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Reflecting on Your Teaching

‘Central to all reflection is the attempt to see things differently’.

Reflection is integral to the development of our practice as teachers (National Forum, 2018). Reflection incorporates thinking about various aspects of your teaching, gathering evidence of its impact on student learning, and planning for enhancement. There is no one correct way to reflect on your practice; the reflective process can be conducted in private or interactively, and the method you use will depend on what it is you would like to reflect on, and what you intend to do with the evidence you gather. For example, you may wish to create a case study for sharing with colleagues, collate evidence in producing a professional development portfolio, or keep a personal reflective journal, noting what you felt went well and what you would do differently in the future.

‘Our actions as teachers are based on assumptions we have about how best to help students learn … critically reflective teaching happens when we build into our practice the habit of constantly trying to identify, and check, the assumptions that inform our actions as teachers’. Brookfield, 2017

‘Expert teachers continually reflect on how they might teach even better’. Biggs & Tang, 2011

Reflective practice can have different meanings depending on the person and their personal or professional situation. In the context of teaching and the development of such, it refers to us, as teaching ‘practitioners’, engaging in reflecting on our teaching experiences on an ongoing basis, in order to learn from them for the benefit of future action (Fry, Ketteridge and Marshall, 2009). In other words, what is it that can we do differently to enhance the learning outcomes of our students.

Reflective Practice is about thinking back in order to move forward.

This transformative process requires that we put ourselves (‘I’) at the centre of our investigation, and this can sometimes be a challenge. Knowing what it is that you want to reflect on is the first important step; from there, you can begin to extract meaning from evidence you gather. In testing out different methods over time, you will find effective and time-efficient ways to gain maximum benefit from your reflection. Most importantly, it is in your and your students’ best interests that you carry out some reflection, and that you do it often.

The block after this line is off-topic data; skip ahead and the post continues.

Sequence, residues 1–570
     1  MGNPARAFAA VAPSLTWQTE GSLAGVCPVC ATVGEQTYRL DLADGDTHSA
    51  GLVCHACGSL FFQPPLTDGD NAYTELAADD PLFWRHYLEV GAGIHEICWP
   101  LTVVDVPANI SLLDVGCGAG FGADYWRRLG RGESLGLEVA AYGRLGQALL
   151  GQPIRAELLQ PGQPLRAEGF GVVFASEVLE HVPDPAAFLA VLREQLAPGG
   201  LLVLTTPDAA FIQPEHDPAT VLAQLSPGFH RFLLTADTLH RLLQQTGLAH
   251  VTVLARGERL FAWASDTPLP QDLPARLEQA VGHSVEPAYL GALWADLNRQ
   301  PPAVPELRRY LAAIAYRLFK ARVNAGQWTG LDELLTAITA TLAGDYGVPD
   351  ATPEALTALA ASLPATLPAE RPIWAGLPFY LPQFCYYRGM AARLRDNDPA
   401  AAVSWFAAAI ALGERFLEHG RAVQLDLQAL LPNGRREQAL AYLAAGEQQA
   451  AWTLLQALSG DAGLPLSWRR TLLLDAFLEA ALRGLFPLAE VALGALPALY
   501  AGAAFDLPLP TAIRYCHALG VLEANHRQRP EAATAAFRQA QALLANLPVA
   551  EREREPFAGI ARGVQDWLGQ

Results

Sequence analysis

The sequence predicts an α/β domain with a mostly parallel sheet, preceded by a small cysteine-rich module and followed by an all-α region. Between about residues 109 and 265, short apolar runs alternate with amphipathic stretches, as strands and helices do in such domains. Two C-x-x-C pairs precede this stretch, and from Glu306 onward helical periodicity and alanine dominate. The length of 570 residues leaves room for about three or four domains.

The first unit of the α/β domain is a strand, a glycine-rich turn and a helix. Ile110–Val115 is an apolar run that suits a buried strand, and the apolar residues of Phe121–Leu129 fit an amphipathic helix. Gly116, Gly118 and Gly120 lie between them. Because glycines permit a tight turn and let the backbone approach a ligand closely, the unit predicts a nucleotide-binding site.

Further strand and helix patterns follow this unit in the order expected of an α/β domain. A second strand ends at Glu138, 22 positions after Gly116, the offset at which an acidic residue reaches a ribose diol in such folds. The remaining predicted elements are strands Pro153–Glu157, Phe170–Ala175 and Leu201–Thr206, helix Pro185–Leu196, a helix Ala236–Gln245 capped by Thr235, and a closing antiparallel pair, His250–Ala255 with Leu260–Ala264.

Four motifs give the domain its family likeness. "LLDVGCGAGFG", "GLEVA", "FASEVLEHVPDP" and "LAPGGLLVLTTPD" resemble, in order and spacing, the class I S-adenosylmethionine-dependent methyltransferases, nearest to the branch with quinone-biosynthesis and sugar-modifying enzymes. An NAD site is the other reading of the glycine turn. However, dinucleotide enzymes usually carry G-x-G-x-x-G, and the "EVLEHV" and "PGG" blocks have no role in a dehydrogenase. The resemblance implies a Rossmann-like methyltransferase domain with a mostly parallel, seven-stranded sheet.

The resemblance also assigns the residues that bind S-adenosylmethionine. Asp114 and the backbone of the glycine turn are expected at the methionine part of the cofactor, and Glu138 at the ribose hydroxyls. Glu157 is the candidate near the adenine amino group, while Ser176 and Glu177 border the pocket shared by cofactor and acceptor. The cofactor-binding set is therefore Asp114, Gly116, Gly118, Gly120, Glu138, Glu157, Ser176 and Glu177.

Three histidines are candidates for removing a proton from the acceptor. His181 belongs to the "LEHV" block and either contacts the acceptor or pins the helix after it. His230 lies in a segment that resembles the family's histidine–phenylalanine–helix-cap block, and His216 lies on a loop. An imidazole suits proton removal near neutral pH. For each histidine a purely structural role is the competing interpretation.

The two main elements of Reflective Practice are ‘Doing’ and ‘Thinking’, which refer respectively to the action of teaching and the reflecting on that action.

What will I gain in reflecting on my teaching?

Reflecting on teaching is fundamental to personal and professional development, and has many benefits including:

  • building your confidence in your own teaching style and strategies
  • learning where your strengths lie and where you need to improve
  • developing your ability to understand how your students learn and how best to support them in their learning
  • increasing your flexibility in adapting your teaching and your openness to experimenting with new ideas and approaches
  • identifying any assumptions in your teaching, and becoming more aware of the perspectives and cultural worldviews of others
  • advancing you overall practice

The process of reflection encompasses both learning ‘through’, and learning ‘from’, an experience, and it must be both intentional and systematic if it is to be successful. During the process, you will challenge your own assumptions about your practice and make informed decisions about what you will do differently to enhance the learning experiences of your students.
There are many different forms of reflection. Schön (1991) identified two types that are particularly relevant in the development of teaching practice:

In both instances, you will build on previous learning, linking it to current and future practice. In other words, you will take a step back from your teaching, evaluate it, and extract meaning from it in order to make positive change.

In linking teaching and reflecting to learn more about how we teach and the impact it has on student learning, some practical models of reflective practice have been developed. The commonalities between these models are that they each encompass Schön’s concept of ‘Reflection-on-Action’.

For more information see our dedicated resource Reflective Practice Models 


  • BROOKFIELD, S., 2017. Becoming a Critically Reflective Teacher. 2nd ed. San Francisco, CA: Jossey-Bass 
  • BIGGS, J. and Tang, C., 2011. Teaching for Quality Learning at University. The Society for Research into Higher Education. New York: McGraw Hill
  • FRY, H., Ketteridge, S. and Marshall, S., 2009. ‘Reflective Practitioner’ Glossary entry, A Handbook for Teaching and Learning in Higher Education: Enhancing academic practice. 3rd ed. Abingdon, Oxon: Routledge (p. 509)
  • National Forum for the Enhancement of Teaching and Learning in Higher Education, 2018. Reflective Practice in Teaching
  • SCHÖN, D.A., 1991. The Reflective Practitioner: how professionals think in action. London: Temple
    The University of Edinburgh Reflection Toolkit.